Marissa Mayer, over at Yahoo!, is making a fair amount of news these days, most recently for reversing the company’s longstanding embrace of telecommuting and insisting that employees work at the company’s offices. A lot of people were surprised by the move, mostly, as near as I can tell, either because it seems to go against the idea that the workplace of the future, enabled by modern technology, is best defined by where people are (say, at home) than where they are supposed to be (say, at the office), or perhaps because being a new mom, it is assumed that Mayer will want to make it easier for working moms to, well, work, by letting them work from home. The tide of opinion, so far, seems to be that Mayer’s new policy is at least strange, and likely a mistake.
As a telecommuter myself at various points in my career, including to some extent now, my take is rather more nuanced. Telecommuting is, I think, a great option for some employees at most businesses – even, I suspect, at Yahoo! But for most businesses and most employees, working in a communal environment offers important advantages that can make or break a business. As I see it, done right the office environment offers two key competitive advantages over the dispersed (i.e. home) working environment: it fosters collaborative thinking; and it promotes esprit de corps.
As for facilitating collaboration, as society becomes more complex and interconnected, innovation – the lifeblood of a thriving business – becomes more and more a collaborative process. And it is just plain easier to collaborate with people face to face than smartphone to smartphone. As for esprit de corps, the importance is too often overlooked, I think, in a culture that more often promotes the individual than the team. But whether we are talking about sports or business, whether it involves teammates or workmates, other things being equal, more esprit de corps is going to result in more success. Just ask the folks at Google. Or Apple. Or, in my own experience in and around the high impact entrepreneurial and investing space, the folks at just about any young, high-risk/high-reward startup out to change the world.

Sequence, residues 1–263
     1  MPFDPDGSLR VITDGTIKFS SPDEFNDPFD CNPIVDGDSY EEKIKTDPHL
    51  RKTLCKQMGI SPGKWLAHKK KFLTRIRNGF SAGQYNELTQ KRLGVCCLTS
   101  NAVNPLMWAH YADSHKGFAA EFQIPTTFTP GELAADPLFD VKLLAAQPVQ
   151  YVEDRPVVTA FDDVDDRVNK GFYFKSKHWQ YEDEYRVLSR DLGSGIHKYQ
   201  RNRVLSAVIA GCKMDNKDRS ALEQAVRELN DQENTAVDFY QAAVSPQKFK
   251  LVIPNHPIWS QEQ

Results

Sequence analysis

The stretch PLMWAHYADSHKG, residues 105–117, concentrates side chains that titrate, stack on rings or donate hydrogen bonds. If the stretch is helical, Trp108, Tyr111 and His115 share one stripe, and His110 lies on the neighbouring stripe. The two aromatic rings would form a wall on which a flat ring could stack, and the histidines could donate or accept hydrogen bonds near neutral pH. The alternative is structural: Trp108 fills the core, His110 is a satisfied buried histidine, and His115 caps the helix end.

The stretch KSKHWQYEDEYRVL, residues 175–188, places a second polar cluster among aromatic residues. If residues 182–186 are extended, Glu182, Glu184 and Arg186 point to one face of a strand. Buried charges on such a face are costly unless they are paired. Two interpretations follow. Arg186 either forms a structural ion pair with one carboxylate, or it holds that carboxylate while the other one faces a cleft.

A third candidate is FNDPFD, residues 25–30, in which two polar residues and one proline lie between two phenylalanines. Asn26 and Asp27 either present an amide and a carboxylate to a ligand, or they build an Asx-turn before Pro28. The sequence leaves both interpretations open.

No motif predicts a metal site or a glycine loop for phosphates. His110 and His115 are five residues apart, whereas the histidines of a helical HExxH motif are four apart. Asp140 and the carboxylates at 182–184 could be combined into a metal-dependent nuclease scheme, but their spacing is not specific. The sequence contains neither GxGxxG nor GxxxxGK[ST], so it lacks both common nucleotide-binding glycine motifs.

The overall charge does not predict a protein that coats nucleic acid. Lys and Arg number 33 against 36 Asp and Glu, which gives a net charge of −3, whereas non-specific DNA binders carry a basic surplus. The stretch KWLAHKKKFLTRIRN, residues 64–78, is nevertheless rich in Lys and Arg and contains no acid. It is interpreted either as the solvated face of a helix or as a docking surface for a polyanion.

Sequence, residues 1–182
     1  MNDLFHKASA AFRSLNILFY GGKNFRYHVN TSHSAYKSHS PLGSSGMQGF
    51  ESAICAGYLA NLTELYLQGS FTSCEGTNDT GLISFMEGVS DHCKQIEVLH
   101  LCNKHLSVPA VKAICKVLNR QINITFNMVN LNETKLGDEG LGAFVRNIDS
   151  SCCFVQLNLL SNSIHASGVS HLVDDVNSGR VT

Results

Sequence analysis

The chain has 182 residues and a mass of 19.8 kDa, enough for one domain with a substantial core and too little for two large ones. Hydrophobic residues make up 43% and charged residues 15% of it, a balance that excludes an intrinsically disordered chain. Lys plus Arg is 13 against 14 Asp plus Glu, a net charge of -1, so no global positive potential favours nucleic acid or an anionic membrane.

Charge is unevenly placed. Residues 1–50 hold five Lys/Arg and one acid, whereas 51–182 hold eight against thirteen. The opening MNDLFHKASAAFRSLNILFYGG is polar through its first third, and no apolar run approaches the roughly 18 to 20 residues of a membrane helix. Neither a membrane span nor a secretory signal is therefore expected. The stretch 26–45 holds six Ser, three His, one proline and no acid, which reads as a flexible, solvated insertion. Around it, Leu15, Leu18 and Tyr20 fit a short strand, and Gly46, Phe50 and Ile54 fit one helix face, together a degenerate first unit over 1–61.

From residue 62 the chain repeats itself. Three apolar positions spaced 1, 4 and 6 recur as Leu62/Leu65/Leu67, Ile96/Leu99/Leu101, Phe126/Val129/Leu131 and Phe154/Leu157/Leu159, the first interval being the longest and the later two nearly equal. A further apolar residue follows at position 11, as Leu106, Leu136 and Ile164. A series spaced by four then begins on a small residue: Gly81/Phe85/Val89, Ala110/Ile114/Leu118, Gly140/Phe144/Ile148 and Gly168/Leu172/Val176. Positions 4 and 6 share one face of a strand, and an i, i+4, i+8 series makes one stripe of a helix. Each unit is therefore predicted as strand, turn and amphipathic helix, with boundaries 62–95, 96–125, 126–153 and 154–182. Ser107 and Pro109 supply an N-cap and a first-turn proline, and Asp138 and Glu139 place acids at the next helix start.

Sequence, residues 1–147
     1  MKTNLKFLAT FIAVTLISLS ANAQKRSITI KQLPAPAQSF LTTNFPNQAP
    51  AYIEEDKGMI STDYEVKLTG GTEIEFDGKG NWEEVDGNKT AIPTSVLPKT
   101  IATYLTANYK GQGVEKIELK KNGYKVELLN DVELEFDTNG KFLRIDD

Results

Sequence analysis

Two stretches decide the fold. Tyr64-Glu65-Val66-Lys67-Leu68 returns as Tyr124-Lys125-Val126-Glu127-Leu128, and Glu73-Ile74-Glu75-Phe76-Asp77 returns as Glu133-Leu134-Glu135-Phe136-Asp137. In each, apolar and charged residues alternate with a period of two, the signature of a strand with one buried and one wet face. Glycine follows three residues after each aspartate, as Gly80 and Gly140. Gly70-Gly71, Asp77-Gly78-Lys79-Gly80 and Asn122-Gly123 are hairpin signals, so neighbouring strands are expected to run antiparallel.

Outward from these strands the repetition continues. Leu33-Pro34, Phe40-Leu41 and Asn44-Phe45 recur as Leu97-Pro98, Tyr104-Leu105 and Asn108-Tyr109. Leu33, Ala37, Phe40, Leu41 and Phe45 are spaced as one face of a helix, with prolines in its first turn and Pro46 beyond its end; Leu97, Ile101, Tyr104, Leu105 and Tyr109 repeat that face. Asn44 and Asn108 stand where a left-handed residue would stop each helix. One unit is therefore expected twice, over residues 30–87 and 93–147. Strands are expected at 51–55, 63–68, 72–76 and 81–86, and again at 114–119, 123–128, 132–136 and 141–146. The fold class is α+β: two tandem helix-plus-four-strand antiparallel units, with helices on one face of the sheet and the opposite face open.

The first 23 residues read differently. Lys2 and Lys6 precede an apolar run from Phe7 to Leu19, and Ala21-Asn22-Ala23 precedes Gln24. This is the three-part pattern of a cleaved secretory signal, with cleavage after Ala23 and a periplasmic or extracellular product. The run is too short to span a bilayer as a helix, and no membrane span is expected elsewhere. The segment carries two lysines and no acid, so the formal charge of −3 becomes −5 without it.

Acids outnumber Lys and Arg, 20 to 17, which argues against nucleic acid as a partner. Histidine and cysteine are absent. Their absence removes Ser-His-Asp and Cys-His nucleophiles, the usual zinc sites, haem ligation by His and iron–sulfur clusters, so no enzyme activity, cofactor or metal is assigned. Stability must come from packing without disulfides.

To be clear, I am not suggesting that telecommuting is always a bad idea. There are jobs – as there are sports – that are basically individual activities; say, for example the proverbial bond trader who plies his trade from his home office in Vermont. There are people that work better without the distractions of a busy workplace: say, for example, some journalists I’ve met. And there are situations where the fit/synergies between the business and the employee are greater than the real costs of working remotely; say, for example, some entrepreneurial lawyers I know. But at the end of the day, I still think the best question for Marissa Mayer is “what took you so long.”